The spread of the coronavirus has been “substantial” in Moore County, according to the COVID-19 County Alert System launched Tuesday by the N.C. Department of Health and Human Services.
Developed by DHHS to highlight infection and hospitalization trends in each of the state's 100 counties, the system uses color-based tiers to identify counties where the virus is spreading most aggressively.
Moore is among the 43 counties currently assigned to the orange tier, meaning the area is experiencing “substantial community spread.” The category is reserved for counties where 101 to 200 infections have been reported for every 100,000 residents over a two-week period, and where the pandemic has either caused a “moderate impact” on local hospitals or the positivity rate for coronavirus testing is 8 to 10 percent.
The only tier more severe than orange is red, which denotes “critical community spread.” Only 10 counties are currently assigned to the red tier.
Individuals in orange and red counties should “avoid places where people congregate” and limit their “public interactions to mainly essential activities,” according to DHHS. The agency is expected to update its rankings on the second week of December.
Jury Trials Delayed
Jury trials in District 19D have been postponed until next year as coronavirus cases continue to climb in Moore and Hoke counties.
Judge James Webb, senior resident superior court judge for the district, had planned to resume jury trials in both counties this month. In an email on Wednesday, he announced that the trials will be delayed “in the interest of public safety.”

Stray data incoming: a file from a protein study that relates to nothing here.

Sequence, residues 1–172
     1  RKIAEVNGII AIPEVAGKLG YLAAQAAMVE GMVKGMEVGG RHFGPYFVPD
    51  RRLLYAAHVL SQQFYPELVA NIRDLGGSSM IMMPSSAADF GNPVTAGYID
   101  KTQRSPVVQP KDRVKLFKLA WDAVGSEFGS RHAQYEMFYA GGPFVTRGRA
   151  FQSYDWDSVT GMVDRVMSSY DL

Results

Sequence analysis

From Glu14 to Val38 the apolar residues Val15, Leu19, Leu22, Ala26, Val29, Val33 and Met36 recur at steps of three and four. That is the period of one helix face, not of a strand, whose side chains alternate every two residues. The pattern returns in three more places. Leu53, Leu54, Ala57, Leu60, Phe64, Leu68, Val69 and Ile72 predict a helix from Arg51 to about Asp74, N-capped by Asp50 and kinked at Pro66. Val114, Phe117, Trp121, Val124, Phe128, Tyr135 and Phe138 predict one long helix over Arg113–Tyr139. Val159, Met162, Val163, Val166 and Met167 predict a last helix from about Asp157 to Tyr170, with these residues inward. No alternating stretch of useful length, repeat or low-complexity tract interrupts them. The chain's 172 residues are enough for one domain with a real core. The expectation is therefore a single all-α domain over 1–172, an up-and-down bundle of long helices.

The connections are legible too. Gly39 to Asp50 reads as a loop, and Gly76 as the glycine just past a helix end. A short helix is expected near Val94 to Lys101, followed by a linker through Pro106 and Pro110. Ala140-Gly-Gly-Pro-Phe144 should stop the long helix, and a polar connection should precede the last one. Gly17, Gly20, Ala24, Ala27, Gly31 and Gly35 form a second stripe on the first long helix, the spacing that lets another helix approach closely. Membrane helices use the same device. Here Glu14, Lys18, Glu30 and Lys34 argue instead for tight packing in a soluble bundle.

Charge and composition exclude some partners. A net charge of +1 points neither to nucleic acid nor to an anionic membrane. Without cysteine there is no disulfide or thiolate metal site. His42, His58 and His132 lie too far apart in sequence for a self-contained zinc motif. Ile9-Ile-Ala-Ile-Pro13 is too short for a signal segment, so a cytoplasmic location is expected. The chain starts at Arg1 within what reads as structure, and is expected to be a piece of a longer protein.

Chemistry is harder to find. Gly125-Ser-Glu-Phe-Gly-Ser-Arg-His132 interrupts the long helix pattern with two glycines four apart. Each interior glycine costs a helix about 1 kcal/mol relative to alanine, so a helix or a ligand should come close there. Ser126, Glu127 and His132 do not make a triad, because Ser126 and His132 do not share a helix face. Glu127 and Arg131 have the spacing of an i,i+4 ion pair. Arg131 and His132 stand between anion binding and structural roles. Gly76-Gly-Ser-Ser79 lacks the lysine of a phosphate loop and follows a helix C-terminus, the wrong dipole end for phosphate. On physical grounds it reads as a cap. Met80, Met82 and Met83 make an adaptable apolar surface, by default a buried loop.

The decision was made in response to the COVID-19 County Alert System. Writing in the email, Webb noted that Moore is an orange-tier county and Hoke is a red-tier county.
Webb said individuals who had been summoned for jury duty later this month and in December are dismissed. Jury trials are expected to resume in the district on Jan. 4, he said.
‘What We Need to Do’
During Tuesday’s meeting of the Moore County Board of Commissioners, Robert Wittmann, director of the local health department, addressed the reluctance among some residents to wear face coverings.
“I am aware that some do not believe that they need to, or should, wear a mask to slow the spread of COVID,” he said. “However, if we are to succeed in protecting our most vulnerable residents, some of us will need to step up and take personal responsibility. For the health and safety of our fellow residents, (we must) do what we need to do, not what we want to do.”
The Centers for Disease Control and Prevention recently weighed in on the effectiveness of face coverings by updating its official guidance to emphasize that masks protect wearers from infection. For months, the CDC had acknowledged only that face coverings help prevent infected individuals from spreading the virus.
Matthew Garner, public information officer for the health department, said the agency hopes to persuade residents to be vigilant during the holiday season.
“As we get into the holidays, one of our big pushes here as the health department will be to encourage people to celebrate and gather safely,” he said “The overarching message that we want to give to everybody before the holidays is that if you are sick, if you do have symptoms, if you have been in contact with anyone who has had symptoms of COVID-19 or that you suspect may have been exposed, we ask that you stay home and isolate yourself from others.”